"I'm for truth, no matter who tells it. I'm for justice, no matter who it is for or against. I'm a human being, first and foremost, and as such I'm for whoever and whatever benefits humanity as a whole."
Forty-five years after his assassination, Malcolm X's words still electrify us. On February 21, 1965 an assassin's bullet cut short a life that was embarking on finding a cure for the societal cancer called racism in our country.
As we come to the end of the Black History Month, the story of El-Hajj Malik El-Shabazz must be told. Although his journey from Malcolm Little to Malcolm X is often told, the world knows very little about his journey from Malcolm X to El-Hajj Malik El-Shabazz.
Without knowing what El-Hajj Malik El-Shabazz stood and died for, one cannot really claim to know much about one of the greatest African American leaders.
Malcolm Little's childhood was tumultuous and torturous that reeled under relentless racism. He found himself in prison where people saw him as Satan incarnate. What they failed to notice was that Malcolm was human and, on account of this, he possessed the potential to rise even above the stature of angels.
In prison, Malcolm Little transformed to Malcolm X after joining the Nation of Islam (NOI) under the leadership of Elijah Muhammad. The Nation of Islam was one of the proto-Islamic movements of the 20th century. While its core beliefs pitted it against orthodox Islamic beliefs, it nevertheless provided a solid platform for the African Americans to rediscover their sense of identity, dignity, and confidence. While it used Islamic terminology, there was a chasm in how it dealt with the race relations which was in sharp contrast to orthodox Islam's teachings.
Malcolm X undertook with fervor the cause of Black Nationalism that NOI espoused. So strong was his conviction, sincerity, and will-power that within a short period, he transformed NOI from a fringe organization to a force to reckon with and garnered an exploding membership running into the hundreds of thousands.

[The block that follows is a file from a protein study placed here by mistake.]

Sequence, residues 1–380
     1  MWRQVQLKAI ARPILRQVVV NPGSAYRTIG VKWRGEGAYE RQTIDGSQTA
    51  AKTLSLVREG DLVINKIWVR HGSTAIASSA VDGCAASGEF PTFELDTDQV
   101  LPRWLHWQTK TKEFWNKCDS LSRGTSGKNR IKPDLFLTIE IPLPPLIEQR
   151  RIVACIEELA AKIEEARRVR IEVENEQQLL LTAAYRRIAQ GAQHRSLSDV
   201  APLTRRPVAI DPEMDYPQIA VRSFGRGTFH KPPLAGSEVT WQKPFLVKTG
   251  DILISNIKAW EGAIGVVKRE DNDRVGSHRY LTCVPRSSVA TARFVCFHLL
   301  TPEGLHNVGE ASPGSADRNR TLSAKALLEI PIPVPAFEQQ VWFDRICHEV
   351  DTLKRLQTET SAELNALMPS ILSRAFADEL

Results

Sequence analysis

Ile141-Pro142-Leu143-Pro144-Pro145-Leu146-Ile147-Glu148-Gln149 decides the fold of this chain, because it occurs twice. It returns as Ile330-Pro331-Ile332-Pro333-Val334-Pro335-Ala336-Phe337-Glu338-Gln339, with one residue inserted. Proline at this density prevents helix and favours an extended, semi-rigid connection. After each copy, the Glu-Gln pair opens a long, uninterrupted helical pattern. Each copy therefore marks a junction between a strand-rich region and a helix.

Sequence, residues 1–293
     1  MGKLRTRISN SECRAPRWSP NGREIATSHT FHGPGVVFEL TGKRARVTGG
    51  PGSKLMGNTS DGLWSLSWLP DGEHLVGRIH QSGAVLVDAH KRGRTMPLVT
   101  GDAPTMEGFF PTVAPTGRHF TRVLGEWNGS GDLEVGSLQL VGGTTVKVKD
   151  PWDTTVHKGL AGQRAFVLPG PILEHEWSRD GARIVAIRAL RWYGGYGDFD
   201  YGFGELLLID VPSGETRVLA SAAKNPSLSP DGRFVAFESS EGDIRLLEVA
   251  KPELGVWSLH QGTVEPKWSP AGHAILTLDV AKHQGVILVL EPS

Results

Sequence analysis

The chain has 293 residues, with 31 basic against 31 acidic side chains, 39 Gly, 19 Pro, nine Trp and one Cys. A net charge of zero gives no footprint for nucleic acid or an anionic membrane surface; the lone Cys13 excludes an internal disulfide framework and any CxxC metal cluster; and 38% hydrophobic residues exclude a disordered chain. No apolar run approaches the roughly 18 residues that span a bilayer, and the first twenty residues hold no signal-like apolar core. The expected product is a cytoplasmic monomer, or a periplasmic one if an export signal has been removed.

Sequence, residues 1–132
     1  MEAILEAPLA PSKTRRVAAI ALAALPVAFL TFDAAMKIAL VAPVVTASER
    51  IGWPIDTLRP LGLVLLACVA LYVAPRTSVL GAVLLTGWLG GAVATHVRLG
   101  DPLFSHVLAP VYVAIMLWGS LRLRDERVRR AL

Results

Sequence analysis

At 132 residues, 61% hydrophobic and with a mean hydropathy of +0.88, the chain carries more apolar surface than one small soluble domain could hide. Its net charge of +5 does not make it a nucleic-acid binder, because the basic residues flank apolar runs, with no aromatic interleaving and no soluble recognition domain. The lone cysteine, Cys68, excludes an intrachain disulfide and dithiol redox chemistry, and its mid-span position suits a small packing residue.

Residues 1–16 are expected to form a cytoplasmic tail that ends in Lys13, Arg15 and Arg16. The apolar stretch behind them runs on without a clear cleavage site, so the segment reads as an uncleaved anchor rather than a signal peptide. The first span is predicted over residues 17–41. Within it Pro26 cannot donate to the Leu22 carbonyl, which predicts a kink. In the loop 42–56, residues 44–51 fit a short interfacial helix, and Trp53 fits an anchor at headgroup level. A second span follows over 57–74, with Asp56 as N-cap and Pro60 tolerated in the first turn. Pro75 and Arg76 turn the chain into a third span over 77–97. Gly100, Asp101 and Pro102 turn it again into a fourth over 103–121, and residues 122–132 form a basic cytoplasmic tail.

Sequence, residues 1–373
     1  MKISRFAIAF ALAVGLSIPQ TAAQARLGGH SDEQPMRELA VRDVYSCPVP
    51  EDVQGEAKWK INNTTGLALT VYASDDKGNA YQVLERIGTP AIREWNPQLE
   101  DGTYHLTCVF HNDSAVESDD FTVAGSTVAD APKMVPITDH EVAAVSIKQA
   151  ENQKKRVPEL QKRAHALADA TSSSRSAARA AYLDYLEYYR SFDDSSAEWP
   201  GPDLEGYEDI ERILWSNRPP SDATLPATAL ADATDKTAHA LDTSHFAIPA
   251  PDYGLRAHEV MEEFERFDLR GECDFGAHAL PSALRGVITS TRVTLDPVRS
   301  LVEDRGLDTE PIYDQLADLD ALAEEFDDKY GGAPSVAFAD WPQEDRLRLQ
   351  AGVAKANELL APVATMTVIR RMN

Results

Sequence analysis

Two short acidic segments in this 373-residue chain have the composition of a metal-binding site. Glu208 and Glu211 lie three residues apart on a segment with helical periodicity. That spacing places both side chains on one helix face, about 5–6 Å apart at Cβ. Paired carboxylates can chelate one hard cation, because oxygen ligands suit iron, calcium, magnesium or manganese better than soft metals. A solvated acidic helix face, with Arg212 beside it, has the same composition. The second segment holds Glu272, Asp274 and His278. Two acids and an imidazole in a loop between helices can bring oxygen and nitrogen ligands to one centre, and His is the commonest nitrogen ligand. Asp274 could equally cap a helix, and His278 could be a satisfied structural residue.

However, Malcolm's journey was still to continue. Great men never stop learning. In 1964, Malcolm undertook a journey to Mecca for the annual pilgrimage called the Hajj. This paved the way for his transformation from Malcolm X to El-Hajj Malik El-Shabazz. His letter from Mecca tells us of this spiritual transformation.
"Never have I witnessed such sincere hospitality and the overwhelming spirit of true brotherhood as practiced by people of all colors and races here in this Ancient Holy Land, the home of Abraham, Muhammad and all other prophets of the Holy Scriptures. For the past week, I have been utterly speechless and spellbound by the graciousness I see displayed all around me by people of all colors.
There were tens of thousands of pilgrims, from all over the world. They were of all colors, from blue eyed blonds to black skin Africans. But we were all participating in the same rituals, displaying a spirit of unity and brotherhood that my experiences in America had led me to believe never could exist between the white and non-white.
America needs to understand Islam, because this is the one religion that erases from its society the race problem. Throughout my travels in the Muslim world, I have met, talked to, and even eaten with people who in America would have considered 'white' -- but the 'white' attitude was removed from their minds by the religion of Islam. I have never before seen sincere and true brotherhood practiced by all colors together, irrespective of their color.
You may be shocked by these words coming from me. But on this pilgrimage, what I have seen, and experienced, has forced me to re-arrange much of my thought patterns previously held, and to toss aside some of my previous conclusions. This was not too difficult for me. Despite my firm convictions, I have always been a man who tries to face facts, and to accept the reality of life as new experiences and new knowledge unfolds it. I have always kept an open mind, which is necessary to the flexibility that must go hand in hand with every form of intelligent search for truth."
A transformed Malcolm returned to America to face a mortal challenge to his new call to work for eradicating racism from our midst. After it became clear that he was a marked man, targeted by more than one power base, he wrote the following:
"If I can die having brought any light, having exposed any meaningful truth that will help destroy the cancer of racism that is malignant in the body of America - then, all the credit is due to God. Only the mistakes have been mine."
His life gave hope to millions and spurred on countless others to continue on the path he blazed.
As we come to the end of the Black History Month, the story of El-Hajj Malik El-Shabazz must be told and re-told.



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